What a nifty and scorching place Eilat is, with its 42 degrees in the shade, its limpid turquoise sea and its neatly-designed buildings, all surrounded by palm trees and gardens. Thank Goddess every place here was air-conditioned, and most important of all, our bedroom, which partly faced the sea and partly the mountain range. Actually, if you wanted to concentrate on the one or on the other, you got a very stiff neck, «never mind,» Berky said – stingy dude that he is, he got us the cheapest room available in the resort’s only one-star hotel – «the air is so clear and transparent, and we do have a lovely balcony. Then too, we didn’t come here to get stuck indoors, we’ll spend most of the time at the beach and taking nice strolls»
«You can walk alone and melt under the sun if you want,» I retorted, «as for me, I’ll stay inside the cool shopping malls, coz I saw that there were quite a few of them around.»
The balcony he was praising so much was for baby dolls, on account that it could only hold a plastic chair and a stool – now guess who that was for! Wrong: he would sit on it, not me. There were also two rusty wires, whose plastic coating was mostly eaten up, running the length of the French window, so we could hang our wet bathing suits and beach towels. They were placed very oddly at eye level (his, not mine, thank goodness), which meant that my uncle would have to lower his head every time he came out, in order not to bang his nose against the wires.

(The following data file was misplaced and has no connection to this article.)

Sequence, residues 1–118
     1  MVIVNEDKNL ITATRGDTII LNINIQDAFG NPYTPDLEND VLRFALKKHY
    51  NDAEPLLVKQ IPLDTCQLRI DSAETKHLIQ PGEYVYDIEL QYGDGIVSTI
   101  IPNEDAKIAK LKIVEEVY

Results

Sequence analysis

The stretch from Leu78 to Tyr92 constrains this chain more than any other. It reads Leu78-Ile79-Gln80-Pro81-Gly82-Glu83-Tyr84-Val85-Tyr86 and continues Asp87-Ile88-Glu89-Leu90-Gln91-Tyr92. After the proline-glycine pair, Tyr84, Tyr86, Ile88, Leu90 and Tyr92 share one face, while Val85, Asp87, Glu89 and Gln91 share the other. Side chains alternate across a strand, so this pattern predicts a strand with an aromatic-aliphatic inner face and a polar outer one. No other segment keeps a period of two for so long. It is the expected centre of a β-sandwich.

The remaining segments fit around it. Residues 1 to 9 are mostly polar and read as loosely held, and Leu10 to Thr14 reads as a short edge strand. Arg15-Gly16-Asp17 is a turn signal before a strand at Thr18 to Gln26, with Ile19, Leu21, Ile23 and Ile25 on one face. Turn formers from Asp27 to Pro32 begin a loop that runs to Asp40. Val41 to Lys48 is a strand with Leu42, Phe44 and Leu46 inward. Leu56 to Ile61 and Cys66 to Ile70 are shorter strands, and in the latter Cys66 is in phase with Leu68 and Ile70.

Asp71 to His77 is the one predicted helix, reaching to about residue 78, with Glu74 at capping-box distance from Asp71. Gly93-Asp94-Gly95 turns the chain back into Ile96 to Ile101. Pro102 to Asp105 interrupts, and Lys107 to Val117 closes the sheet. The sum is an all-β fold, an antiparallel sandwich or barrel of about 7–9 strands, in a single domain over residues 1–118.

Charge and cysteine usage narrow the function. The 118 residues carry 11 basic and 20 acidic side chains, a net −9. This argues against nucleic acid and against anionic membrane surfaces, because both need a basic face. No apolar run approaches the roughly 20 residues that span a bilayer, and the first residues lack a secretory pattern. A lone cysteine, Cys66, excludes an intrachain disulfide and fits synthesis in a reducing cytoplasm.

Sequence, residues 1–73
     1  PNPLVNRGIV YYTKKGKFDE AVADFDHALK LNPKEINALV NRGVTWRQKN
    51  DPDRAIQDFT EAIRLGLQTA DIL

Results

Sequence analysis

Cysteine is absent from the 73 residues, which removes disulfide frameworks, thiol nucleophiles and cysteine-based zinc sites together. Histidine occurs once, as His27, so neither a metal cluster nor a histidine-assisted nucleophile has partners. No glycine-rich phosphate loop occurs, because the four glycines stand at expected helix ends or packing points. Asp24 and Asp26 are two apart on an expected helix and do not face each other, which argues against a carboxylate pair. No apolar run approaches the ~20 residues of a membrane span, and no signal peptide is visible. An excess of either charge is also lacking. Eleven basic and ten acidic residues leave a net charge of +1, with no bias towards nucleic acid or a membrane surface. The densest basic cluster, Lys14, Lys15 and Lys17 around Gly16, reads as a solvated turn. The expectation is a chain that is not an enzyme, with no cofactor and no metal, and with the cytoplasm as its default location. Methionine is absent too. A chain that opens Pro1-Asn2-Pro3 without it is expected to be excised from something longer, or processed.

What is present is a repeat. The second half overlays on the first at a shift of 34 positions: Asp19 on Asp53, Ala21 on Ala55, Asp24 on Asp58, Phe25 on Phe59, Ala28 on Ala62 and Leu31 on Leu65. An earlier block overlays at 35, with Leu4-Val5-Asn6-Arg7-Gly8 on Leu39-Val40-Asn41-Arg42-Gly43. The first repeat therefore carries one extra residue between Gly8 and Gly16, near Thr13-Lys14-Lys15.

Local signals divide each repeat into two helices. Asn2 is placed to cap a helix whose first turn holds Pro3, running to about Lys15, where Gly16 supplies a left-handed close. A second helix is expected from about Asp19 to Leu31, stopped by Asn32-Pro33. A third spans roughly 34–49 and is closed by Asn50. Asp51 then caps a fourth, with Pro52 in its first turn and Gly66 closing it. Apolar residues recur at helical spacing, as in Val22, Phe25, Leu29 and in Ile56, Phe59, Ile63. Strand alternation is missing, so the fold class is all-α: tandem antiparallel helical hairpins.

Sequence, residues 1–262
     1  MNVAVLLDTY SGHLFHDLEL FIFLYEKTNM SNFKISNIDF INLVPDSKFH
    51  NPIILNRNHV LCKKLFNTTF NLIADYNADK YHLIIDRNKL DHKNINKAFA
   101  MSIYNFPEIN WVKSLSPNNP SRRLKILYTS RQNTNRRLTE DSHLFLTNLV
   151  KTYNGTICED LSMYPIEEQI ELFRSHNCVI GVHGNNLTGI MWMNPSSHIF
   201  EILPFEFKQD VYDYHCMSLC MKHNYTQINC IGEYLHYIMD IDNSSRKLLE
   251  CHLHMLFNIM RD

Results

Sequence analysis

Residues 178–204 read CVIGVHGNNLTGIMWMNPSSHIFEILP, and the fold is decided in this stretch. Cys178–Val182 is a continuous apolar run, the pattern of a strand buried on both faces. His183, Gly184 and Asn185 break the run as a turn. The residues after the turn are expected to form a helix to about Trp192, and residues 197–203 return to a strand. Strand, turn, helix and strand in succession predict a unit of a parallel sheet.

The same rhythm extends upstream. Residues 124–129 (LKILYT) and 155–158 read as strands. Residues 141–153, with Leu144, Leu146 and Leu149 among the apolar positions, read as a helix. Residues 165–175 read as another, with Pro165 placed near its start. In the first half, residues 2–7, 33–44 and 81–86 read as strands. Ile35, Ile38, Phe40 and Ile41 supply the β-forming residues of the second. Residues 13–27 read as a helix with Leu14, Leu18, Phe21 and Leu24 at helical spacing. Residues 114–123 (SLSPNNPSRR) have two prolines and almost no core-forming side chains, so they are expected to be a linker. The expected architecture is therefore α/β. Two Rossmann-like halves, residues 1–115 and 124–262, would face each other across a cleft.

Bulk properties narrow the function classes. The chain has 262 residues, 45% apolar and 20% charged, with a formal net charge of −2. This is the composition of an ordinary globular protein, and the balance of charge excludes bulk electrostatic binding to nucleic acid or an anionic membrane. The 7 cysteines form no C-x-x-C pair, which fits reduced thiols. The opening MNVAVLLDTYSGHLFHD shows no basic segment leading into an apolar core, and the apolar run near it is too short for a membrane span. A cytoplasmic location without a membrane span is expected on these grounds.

The room’s air-conditioning device worked all right, but it probably dated from Mathusalem or was it Old Jerusalem – they must rhyme for some reason, I don’t know why and don’t care -, so that it vroomed like a belching hippo stranded somewhere in the Arctic. The first thing I would have to buy was a pair of ear-stoppers.
I ran to the bathroom to see if everything was in order over there. Whenever you opened the faucets or let the shower piss off skewed jets of tepid water, which would wet only half of your hair and just an arm and a leg – you needed to contort yourself like a swivelling snake if you wanted to get cleaned on all sides – you heard screechy mousy noises, then, before it stopped, the plumbing would suddenly whoosh like it was giving its last breath. Ok, in this hot and stifling climate I didn’t mind not having boiling water.